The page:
Charles Dickens to the contrary, why is it that the beautiful ones often are the most ornery?
My lovely skein of Araucania Lonco Multy fingering weight cotton yarn came in 440-yard hank that needed to be wound into a ball before it could be used. Eager to get started with turning my Parrot colored hank into a multi-hued lacy shawl, I began what I thought would be an hour-long process. Lacking a yarn swift and choosing not to use my ball winder (okay, I admit, my winder is somewhere to be found), I put the hank over the back of a tall chair and started the wind up Friday evening. The process was slow and then grew laborious as realization dawned that the skein was twisted upon itself. It appears the hank had been tied in a way different from other skeins I had wound in the past. Five hours later, I, and approximately 50 yards, was undone and I needed my bed. Saturday afternoon, I drafted the able hands and neck of my eldest and took up the chore anew. Two hours later, I excused my human yarn swift to work the the last 25 yards alone. I wanted so much to find a short cut but refused to cut the yarn. Another two hours passed before I wrapped the final length of strand around the ball.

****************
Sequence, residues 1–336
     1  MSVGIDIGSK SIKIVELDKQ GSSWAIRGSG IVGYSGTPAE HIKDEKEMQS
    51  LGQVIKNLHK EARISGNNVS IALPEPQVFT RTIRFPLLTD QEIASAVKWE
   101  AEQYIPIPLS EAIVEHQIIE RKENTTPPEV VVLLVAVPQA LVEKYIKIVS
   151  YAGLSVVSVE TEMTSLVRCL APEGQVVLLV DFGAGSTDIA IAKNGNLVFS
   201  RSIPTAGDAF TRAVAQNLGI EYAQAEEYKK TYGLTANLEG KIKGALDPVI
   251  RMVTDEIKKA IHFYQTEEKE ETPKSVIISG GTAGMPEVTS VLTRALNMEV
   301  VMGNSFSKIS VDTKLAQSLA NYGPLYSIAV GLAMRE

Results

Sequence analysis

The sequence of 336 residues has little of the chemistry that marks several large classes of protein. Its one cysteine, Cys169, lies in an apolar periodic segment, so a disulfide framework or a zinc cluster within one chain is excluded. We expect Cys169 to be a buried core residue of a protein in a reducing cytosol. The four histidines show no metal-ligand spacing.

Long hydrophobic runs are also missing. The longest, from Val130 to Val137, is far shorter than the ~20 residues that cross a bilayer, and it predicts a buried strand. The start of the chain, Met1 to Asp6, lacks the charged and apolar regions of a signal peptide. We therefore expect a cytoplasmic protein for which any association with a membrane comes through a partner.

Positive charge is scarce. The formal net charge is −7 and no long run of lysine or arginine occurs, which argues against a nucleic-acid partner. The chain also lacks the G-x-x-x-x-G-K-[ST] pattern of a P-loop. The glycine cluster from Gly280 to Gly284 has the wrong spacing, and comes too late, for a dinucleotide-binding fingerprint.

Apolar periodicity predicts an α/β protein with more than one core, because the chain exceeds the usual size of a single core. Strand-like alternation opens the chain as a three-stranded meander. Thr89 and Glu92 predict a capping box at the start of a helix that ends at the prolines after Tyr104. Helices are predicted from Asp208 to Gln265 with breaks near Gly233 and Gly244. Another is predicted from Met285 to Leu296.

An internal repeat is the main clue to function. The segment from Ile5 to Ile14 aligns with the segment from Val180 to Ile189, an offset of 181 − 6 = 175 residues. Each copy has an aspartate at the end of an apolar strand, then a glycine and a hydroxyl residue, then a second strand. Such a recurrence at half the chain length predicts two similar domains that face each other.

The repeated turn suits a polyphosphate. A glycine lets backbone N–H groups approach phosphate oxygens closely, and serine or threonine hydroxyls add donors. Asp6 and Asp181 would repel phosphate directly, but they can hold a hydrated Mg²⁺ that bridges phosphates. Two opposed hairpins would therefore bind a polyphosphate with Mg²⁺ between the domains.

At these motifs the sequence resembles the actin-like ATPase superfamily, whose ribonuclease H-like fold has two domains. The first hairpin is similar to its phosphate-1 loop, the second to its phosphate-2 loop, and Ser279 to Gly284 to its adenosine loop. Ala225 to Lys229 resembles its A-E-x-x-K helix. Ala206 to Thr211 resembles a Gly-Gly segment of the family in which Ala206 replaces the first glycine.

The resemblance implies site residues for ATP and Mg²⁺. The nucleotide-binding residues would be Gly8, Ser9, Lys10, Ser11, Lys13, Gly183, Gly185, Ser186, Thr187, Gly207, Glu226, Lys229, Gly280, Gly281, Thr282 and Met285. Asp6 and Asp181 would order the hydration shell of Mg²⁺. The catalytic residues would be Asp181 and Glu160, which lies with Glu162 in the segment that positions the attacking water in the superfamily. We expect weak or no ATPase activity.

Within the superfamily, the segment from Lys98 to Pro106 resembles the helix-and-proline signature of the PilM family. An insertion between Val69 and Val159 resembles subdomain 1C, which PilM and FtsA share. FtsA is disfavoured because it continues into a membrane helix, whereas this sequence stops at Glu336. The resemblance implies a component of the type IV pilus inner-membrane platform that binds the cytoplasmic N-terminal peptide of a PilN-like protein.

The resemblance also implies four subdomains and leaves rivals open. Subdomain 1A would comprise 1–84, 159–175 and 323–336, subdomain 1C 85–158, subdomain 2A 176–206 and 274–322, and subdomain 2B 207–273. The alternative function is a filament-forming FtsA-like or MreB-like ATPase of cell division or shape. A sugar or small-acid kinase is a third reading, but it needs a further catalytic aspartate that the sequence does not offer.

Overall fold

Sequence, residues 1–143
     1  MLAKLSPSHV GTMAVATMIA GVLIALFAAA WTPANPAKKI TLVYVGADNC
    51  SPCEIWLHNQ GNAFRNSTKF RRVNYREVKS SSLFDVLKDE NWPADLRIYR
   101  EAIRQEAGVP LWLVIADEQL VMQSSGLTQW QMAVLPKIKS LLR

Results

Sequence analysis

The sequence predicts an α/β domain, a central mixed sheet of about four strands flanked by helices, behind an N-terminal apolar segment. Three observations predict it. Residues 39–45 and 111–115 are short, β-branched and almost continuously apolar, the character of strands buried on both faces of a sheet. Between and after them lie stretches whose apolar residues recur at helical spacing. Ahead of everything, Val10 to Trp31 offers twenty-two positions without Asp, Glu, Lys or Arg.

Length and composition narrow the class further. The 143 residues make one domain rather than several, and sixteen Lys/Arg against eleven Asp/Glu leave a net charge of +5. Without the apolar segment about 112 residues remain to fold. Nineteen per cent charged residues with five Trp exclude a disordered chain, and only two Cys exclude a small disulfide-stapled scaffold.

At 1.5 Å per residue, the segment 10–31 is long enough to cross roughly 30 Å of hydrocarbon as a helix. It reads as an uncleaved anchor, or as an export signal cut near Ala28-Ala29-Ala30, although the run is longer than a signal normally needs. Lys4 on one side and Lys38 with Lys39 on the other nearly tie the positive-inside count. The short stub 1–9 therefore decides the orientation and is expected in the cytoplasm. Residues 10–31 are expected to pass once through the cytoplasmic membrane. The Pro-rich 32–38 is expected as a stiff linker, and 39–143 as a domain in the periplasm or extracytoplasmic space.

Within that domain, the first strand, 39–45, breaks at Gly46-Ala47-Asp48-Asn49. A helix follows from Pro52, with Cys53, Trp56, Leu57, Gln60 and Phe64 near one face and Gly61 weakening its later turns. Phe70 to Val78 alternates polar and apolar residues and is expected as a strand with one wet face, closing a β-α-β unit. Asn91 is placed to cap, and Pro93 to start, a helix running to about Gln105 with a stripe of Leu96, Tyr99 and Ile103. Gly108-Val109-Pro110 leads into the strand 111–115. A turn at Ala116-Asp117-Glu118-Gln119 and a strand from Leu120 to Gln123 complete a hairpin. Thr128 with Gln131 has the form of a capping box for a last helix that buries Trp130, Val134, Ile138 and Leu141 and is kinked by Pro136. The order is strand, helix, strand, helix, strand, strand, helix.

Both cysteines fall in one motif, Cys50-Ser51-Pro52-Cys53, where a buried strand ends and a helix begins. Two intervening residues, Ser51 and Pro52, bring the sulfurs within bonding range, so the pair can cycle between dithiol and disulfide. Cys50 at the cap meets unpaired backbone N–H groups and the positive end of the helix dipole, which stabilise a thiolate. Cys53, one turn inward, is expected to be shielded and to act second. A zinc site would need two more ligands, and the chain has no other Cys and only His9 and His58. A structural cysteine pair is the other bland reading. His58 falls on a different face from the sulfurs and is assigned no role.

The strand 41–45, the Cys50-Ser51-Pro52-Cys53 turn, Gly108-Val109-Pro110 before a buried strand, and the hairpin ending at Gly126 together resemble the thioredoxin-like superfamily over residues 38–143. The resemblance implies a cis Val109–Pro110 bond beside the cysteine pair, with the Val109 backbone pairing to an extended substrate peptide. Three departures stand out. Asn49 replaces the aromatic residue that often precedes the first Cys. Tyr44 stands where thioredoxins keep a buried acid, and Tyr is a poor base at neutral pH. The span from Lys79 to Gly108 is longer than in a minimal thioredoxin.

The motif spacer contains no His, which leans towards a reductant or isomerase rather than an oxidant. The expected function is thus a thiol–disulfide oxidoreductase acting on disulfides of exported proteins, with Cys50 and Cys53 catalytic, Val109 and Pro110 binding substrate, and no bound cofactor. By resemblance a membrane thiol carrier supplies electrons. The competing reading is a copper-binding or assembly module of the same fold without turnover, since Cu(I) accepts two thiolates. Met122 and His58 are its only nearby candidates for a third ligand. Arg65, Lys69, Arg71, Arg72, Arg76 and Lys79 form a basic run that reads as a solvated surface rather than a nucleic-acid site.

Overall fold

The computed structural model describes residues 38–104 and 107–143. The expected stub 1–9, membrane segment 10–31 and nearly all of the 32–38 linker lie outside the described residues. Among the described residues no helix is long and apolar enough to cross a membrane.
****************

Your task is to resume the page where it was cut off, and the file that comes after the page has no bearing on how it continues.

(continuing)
Damn! Nine hours in total to produce the lovely ball above. I probably will spend less time crocheting the shawl than I did in making the ball! But isn't it georgous! The sheen, the strength of color. Can't wait to get started.